John Sculley isn’t exactly a favorite amongst Apple fans. He will forever be the man who sent Steve Jobs into exile.
Given the astronomical success of Apple following Steve’s return in 1997, it’s understandable why Sculley would say it was a “mistake” to send Steve packing. He’s said it before and he just said it again.
Get over it, John.
You may have blundered through that particular period of time, but in a weird way you can actually take credit for Apple’s — and Steve Jobs’ — great success.
Because of you, a young, passionate and inexperienced Steve matured in a way he wouldn’t have otherwise.
Being cast out of Apple was what forced Steve to reassess his life. It was during those years of exile that he matured, learning the skills he was lacking in 1985. More ▸
CNN isn’t in the comedy business. At least not purposefully.
But I have to say, yesterday’s CNN home page headline did make me laugh.
After all this coverage of the missing Malaysian airliner, with pretty much every story in the last four weeks centered on the need to find the black boxes, CNN posted a big, bold headline:
Official: Black boxes crucial to solving mystery
With insightful reporting like this, CNN should be back on the top of the ratings in no time.
Big thanks to Sorin for contributing the following photo. Apparently CNN’s headline writer moonlights in the captioning dept.
Phil – and his email – get their day in court
Corporate legal dramas often serve as a reminder to one of the new cardinal rules of business:
Watch what you say in email.
I suspect there are a few people at Apple and its ad agency TBWA\Chiat\Day who wish they could take their messages back, now that Samsung’s lawyers have introduced them as evidence.
One email from Phil Schiller to Tim Cook says that Apple “may need to start a search for a new agency … we are not getting what we need from [Chiat] and haven’t been for a while.”
Tim’s reply: “If we need to do this, we should get going.”
This all happened in 2013, so who knows if it’s blown over by now. But given Steve Jobs’ long-running relationship with Chiat, this potentially represents a huge break from the past.
A little perspective is in order. More ▸
Before iPhone, there was another tool Steve Jobs used to great effect.
It’s always fun to read stories about people’s chance encounters with Steve Jobs.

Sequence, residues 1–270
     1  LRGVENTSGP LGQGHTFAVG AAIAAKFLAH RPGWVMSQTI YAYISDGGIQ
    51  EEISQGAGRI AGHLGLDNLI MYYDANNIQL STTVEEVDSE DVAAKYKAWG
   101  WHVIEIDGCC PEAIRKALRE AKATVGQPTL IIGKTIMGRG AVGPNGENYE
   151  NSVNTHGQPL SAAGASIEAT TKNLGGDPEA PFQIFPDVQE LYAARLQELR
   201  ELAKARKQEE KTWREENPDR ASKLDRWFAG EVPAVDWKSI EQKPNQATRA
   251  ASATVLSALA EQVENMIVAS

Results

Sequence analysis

A recent one came from an anonymous person who “had a friend” who had such an encounter.
Okay, it does sound a bit suspicious. We all know there’s a lot of fantasy out there. However, I find this story to be perfectly plausible — mainly because it’s quite consistent with the everyday Steve behavior I witnessed myself.
As this story goes, the “friend” — who worked for a talent agency — hung up on Steve Jobs twice because he thought he was being pranked. But in fact it was Steve, calling to force a change in Justin Long’s schedule so he could shoot some new Mac vs. PC ads.
That simple phone call (or several calls, in this case) illuminates a side of Steve that most people don’t think about. That is: he cared. More ▸
Wow, pretty great ad for the Paralympics from Samsung.
The kid is charming. The editing and music are great. The concept is great. The theme line — “Sport doesn’t care” — has attitude and well captures the spirit of the event.
So what’s wrong with this picture?
Not a thing.
And that, in a weird way, is exactly what’s wrong.
Here’s Samsung with a high-quality, on-target, beautifully executed commercial. And it’s the same Samsung that just a short time ago let loose a spot with a good chance of becoming the worst ad of the century. (Early to predict, but this one could easily appall viewers for another 86 years.) Take a look if you haven’t seen it already: More ▸
Microsoft’s newly minted Chief Strategy Officer, Mark Penn
Most people judge ads by what they see. Good ad, bad ad, end of story.
Of course, it’s a little deeper than that.
As is often pointed out around these parts, there’s a little thing called “strategy” — which is hashed out before creative teams start creating.
Historically, Apple has been very smart about strategy, while Microsoft has been very … shall we say … un-smart.